Brooklyn Borough President Marty Markowitz Renews Push For Gambling In Coney Island


coney-islandIt could be time to roll the dice on Coney Island.

After the collapse of talks with gaming giant Genting to create a casino and convention center in Queens, Borough President Marty Markowitz is stepping up his bid to get a casino at the seaside amusement mecca.

“It would be a tremendous thing for the future of Coney Island, and it’s the right place to put it,” said Markowitz, adding he’s had preliminary conversations with Cuomo administration officials.

A constitutional amendment to legalize gambling in the state passed the legislature once, but still has to pass again and then be approved by the voters. Seven casinos would be authorized around the state, and their locations would be set after the amendment was finalized.

Gov. Cuomo had been in talks with Genting, which currently runs the racino at Aqueduct, to build a $4 billion complex with the nation’s largest convention center and a casino resort. The company wanted exclusive rights to run a casino in the city.

But Cuomo said Friday that those talks had broken down for now.

“I don’t want to start talking about or…making commitments about where a casino may be or may not be,” Cuomo said this week, adding consideration would not be limited to the sites of current racinos. “It should be an open competition.”

The Queens proposal had drawn skepticism from critics who thought the location was too far flung.

Backers say a Coney casino would be a better bet because there are already other attractions that make the area a destination.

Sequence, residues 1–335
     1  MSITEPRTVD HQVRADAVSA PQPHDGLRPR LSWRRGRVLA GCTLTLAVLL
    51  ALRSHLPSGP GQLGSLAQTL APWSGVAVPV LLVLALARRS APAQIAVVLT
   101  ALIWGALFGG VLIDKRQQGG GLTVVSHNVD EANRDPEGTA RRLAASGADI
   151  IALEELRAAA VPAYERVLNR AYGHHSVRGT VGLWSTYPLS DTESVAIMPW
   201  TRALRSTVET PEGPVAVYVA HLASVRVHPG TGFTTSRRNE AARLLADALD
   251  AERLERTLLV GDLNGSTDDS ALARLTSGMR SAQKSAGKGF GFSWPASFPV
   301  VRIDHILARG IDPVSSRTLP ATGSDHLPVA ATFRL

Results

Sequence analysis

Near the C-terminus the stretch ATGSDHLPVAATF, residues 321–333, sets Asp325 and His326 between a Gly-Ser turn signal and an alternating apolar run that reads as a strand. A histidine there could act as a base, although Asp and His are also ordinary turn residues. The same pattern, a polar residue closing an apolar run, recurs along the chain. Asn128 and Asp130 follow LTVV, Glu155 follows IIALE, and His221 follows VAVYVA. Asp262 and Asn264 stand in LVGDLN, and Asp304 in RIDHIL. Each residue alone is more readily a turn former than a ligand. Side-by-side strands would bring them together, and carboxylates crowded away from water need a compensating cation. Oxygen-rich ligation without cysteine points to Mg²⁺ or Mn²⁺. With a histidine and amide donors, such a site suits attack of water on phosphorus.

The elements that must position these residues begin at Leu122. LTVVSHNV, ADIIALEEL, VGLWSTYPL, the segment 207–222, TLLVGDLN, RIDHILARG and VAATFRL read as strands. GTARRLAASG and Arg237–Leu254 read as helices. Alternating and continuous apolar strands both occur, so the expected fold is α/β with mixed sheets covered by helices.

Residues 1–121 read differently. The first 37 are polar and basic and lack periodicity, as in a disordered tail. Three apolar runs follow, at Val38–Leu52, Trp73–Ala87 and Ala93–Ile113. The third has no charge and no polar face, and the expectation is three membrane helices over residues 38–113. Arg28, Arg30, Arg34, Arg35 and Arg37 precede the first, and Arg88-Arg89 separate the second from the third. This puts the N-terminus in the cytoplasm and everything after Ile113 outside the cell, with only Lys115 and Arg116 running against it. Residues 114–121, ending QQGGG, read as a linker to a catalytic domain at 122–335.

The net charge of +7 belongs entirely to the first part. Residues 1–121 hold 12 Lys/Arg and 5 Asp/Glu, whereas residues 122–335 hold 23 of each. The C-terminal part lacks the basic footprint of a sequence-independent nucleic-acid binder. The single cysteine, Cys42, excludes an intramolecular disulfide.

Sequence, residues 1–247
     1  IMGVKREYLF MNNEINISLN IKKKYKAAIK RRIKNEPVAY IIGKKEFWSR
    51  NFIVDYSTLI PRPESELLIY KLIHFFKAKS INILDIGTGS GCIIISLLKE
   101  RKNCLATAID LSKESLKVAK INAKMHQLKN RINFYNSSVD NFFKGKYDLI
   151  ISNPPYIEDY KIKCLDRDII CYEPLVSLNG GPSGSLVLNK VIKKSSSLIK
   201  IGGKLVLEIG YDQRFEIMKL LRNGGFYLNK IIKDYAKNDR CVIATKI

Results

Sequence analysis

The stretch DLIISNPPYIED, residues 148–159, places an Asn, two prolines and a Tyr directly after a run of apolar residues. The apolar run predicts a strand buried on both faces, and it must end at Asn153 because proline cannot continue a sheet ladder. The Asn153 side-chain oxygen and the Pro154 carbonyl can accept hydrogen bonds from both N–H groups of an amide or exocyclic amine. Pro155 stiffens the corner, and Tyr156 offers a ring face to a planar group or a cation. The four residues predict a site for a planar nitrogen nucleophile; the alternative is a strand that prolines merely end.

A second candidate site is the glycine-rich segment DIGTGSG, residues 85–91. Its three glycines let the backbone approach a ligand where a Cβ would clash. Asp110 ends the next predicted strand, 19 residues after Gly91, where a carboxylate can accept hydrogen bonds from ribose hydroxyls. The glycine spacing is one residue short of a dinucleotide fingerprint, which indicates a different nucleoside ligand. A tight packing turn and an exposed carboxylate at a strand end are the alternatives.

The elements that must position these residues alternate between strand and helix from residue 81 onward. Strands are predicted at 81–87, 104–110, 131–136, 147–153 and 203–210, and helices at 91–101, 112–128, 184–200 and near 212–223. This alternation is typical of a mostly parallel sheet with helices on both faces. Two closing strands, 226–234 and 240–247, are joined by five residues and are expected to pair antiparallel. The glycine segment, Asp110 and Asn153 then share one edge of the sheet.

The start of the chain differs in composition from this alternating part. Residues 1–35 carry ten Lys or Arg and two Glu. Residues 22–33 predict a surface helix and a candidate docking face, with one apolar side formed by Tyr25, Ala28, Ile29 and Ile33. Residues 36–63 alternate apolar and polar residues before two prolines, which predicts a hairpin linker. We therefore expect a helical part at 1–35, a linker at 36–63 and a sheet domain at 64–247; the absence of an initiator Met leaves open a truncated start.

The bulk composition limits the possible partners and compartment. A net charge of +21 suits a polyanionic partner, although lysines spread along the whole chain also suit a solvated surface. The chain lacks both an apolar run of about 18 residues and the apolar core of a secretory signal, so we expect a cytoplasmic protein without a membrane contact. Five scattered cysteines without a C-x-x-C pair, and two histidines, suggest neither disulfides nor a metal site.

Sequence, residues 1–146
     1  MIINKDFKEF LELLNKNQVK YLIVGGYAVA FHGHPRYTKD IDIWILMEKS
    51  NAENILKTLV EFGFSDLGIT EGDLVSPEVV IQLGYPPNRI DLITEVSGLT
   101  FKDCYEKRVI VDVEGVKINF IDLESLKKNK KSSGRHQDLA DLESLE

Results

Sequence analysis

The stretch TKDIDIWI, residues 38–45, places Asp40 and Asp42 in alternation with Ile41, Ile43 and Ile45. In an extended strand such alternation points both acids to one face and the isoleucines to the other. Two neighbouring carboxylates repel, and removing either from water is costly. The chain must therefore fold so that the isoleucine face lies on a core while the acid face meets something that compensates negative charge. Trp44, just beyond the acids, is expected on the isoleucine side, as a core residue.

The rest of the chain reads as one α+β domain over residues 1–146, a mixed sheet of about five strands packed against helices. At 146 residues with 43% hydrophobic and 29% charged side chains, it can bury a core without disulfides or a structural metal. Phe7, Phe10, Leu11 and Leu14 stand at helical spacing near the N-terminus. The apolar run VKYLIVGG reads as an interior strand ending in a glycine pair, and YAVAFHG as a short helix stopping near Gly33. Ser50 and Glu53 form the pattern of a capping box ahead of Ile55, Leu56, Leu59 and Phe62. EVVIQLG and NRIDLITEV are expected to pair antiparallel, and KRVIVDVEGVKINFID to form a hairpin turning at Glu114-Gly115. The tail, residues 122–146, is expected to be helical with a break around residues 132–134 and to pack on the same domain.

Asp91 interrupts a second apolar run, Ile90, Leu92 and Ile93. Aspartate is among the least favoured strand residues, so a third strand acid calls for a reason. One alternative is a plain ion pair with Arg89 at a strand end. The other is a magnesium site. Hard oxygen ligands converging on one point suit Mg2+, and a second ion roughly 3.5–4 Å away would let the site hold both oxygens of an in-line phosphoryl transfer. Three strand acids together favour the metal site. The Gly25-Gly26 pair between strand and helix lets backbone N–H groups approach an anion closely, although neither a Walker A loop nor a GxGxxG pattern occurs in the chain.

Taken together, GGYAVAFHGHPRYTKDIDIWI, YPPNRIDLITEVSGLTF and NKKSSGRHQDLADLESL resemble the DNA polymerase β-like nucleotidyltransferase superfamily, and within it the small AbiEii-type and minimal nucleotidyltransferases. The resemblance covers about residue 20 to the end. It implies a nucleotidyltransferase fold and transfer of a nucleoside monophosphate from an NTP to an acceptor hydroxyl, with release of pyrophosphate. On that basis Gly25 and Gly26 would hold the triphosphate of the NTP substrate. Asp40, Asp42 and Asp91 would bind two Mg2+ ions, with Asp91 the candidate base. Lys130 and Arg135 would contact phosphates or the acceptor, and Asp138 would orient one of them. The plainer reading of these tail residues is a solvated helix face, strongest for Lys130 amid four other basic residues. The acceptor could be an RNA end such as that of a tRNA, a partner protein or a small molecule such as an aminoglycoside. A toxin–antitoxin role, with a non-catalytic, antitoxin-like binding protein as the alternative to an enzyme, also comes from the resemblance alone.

“There’s a whole host of reasons to make it a hub as opposed to one stand alone casino that’s the only action in town, and that’s what Coney Island has over all these other locations,” said Markowitz,.

Coney Island “Mayor” Dick Zigun noted the ocean-front playground had a thriving gambling scene before betting was outlawed in the state a century ago.

“Coney Island is closer to Manhattan. It already has major transportation, four subway lines, we’re immediately off the Belt Parkway,” he said. “And we have other things to do with an amusement park and a beach.”

Some were skeptical. “It’s never gonna happen. There’s only two ways in here, Ocean Parkway and Cropsy Avenue, and they can’t handle the congestion of rush hour. How are they gonna handle 1200 buses?” said Gordon Gattsek, 54, of Coney Island.

Ranie Rujim, 44, owner of Coney Island Gift Shop, said while gambling would bring crowds, “they’re probably going to spend all their money in the casinos and no money here,”

But most said they’d be eager to see a casino open.

“People are attracted to lights, clubs, casinos, hotels. That’s what attracts people on vacation. We got all these empty lots. said Dalia Trevino, 50,manager of Coney Island Bar and Grill on Surf Ave. “We need something built here. Tell Cuomo I got his back.”

{NY Daily News/ Newscenter}


  1. As if Brooklyn doesn’t have enough trouble with crimes from drug addicts, alcohol addicts and the “businessmen” who supply them, now they want problems from compulsive gamblers? This is a very, very bad idea.

  2. This is a terrible, Terrible, TERRIBLE idea. The casino in Yonkers has not helped that city. Gambling is a menace. Stop both the Queens and Brooklyn casino proposals!